Also, CLSA is a Hongkong based brokerage house. Don’t know whether it has a PE arm or not.

  5. Yves Smith

    I am aware of the Singapore incident, but am also of the belief that one controversial call, particularly when it offends the government of a country that frankly is not a big source of business is not sufficient in and of itself to get one fired (government business may be prestigious, but it is not very lucrative, except for privatizations. And Temasek should not be part of the equation, it is supposed to operate autonomously). I have worked for banks and investment banks long enough to have an idea of what usually constitutes a hanging offense. Xie’s remark by itself simply does not cut it.

    Saying something merely offensive generally results in some major retribution and groveling. Now perhaps Xie was not willing to retract, I don’t know that for a fact, but the normal ritual is a visit of bigwigs to grovel, a retraction and apology by the offender, and often some private assurance that the offender suffered in some way (as in his bonus was docked or his responsibilities curtailed). The firing suggests to me that Xie had pissed off too many people for too long (and the Chinese would be high on the list) and the Singapore remark was the last straw. In fact, it says they were LOOKING for an excuse to fire him, but wanted something clear cut.

    The Times said CLSA has a PE operation.

  6. Anonymous

    Back around the end of August, some guy was on CNBC saying much the same thing, slowing growth to 4-6% range, RMB devaluation, etc.

    Nothing new in this

  7. patrick neid

    Never having lived in a country where I walk out the door and the econ is growing at 8-12% for 15 years I can’t fathom the numbers.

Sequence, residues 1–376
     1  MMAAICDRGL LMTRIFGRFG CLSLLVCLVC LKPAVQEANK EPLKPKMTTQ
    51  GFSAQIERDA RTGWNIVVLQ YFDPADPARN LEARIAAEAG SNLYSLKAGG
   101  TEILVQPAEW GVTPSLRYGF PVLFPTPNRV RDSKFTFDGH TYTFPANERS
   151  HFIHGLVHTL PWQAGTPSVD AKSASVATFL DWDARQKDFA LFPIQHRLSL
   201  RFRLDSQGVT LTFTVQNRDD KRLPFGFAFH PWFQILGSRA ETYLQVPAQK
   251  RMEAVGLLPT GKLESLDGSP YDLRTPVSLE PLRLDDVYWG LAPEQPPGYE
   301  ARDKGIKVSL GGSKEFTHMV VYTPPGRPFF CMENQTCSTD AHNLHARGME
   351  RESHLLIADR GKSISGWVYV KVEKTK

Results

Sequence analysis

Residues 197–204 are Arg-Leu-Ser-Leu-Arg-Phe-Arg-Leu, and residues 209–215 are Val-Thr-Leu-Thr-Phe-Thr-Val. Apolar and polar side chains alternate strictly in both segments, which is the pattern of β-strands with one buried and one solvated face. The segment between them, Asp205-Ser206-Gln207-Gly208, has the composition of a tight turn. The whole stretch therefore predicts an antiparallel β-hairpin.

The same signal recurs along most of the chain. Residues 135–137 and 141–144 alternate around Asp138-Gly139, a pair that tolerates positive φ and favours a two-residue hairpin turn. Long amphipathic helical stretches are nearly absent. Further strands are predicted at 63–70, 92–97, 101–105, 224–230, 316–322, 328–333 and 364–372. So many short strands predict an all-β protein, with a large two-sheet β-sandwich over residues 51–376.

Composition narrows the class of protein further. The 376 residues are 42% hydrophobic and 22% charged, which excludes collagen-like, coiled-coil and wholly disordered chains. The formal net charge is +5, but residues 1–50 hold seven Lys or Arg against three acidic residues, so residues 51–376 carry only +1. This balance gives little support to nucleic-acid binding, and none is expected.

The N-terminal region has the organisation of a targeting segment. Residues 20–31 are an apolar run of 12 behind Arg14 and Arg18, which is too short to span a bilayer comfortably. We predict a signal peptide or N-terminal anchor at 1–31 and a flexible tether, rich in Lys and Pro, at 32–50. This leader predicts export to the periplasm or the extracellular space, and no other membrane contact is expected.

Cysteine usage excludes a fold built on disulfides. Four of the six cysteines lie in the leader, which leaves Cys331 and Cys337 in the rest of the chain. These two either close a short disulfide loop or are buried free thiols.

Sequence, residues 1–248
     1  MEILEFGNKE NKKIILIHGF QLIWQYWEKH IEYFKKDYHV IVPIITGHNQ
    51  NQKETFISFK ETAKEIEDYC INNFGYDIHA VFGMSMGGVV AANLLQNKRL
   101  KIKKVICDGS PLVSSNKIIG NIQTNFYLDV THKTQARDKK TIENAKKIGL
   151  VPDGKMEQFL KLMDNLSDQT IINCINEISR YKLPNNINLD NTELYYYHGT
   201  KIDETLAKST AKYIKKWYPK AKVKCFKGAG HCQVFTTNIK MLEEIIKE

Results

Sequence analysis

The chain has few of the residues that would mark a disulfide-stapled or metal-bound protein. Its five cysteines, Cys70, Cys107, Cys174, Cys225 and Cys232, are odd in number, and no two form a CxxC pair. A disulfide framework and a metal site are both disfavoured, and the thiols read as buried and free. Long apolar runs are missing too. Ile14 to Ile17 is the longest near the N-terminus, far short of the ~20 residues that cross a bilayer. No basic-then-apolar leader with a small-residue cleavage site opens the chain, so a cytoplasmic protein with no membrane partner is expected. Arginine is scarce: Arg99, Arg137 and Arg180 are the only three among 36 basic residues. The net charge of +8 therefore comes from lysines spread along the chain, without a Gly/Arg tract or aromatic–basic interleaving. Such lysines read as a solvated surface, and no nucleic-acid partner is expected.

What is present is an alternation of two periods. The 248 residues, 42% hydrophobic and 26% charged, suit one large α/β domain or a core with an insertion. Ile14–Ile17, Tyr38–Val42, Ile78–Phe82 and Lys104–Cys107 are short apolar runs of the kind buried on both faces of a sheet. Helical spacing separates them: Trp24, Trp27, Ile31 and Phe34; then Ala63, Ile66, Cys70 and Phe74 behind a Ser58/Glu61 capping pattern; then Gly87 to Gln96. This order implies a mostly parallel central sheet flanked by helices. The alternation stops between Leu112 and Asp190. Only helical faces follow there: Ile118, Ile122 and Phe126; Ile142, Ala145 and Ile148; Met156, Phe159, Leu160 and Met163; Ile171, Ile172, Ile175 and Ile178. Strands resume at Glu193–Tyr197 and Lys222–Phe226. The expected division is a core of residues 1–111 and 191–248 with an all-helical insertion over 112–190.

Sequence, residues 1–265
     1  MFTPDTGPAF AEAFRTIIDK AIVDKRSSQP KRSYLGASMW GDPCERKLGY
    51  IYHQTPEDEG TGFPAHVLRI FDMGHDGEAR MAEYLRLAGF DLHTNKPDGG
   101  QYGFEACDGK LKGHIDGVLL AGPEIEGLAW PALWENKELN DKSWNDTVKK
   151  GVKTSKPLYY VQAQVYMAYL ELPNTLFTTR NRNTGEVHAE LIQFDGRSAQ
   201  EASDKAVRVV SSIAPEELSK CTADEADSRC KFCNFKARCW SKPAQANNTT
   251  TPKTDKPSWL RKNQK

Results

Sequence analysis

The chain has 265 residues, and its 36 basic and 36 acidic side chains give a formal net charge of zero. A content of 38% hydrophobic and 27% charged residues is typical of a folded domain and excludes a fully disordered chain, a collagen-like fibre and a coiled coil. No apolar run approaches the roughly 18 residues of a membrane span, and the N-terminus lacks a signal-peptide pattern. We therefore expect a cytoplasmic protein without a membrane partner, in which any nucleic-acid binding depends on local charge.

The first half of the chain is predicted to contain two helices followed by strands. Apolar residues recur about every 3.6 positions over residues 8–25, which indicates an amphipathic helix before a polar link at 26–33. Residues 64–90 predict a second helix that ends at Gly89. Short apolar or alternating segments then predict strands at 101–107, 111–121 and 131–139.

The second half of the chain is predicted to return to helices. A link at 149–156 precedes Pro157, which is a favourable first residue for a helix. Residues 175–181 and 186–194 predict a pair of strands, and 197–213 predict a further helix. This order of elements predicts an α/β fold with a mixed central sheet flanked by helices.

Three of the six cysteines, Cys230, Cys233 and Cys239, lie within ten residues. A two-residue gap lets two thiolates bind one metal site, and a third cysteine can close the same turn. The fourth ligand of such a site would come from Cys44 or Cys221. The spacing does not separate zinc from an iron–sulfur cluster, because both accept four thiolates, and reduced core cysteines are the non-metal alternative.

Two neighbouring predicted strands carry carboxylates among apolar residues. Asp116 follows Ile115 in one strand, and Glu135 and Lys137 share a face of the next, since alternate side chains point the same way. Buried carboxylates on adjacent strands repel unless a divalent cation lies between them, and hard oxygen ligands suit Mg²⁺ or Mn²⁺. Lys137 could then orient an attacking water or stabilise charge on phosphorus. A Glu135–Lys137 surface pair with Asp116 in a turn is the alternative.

While growth at 6% is a drop of 50%from a previous 12% condition does it have the same feel as our dropping from 3% to 1.5%, or is it much worse even though the percentages appear to be the same?

    I bring this up merely to say that the average American doesn’t feel the drop from 3 to 1.5, most know about it through the MSM. But 12% to 6% that seems feelable!

  8. Anonymous

    There is something unreal about 5.5% growth being defined as a “severe economic slowdown”. Yes, I’ve heard the argument that China needs a very high minimum rate of growth just to create enough jobs for the teeming millions. But still.

    And although there seems to be an undercurrent of schadenfreude at the prospect of an economic and military rival taking a fall, no one seems to be mentioning the utterly catastrophic consequences for the US if a slowed-down China no longer has a huge cash flow of dollars to be recycled into Treasuries. The consequences of foreign central banks withdrawing from Agencies are already being felt in the form of bafflingly high spreads. What happens when they back off from buying Treasuries too, just as the extraordinary funding requirements of the US soar even higher? The war effort, bailouts, alphabet soup Fed facilities, and the plain old longstanding budget deficit will all add up to an enormous funding crisis that isn’t even on most people’s radar screens.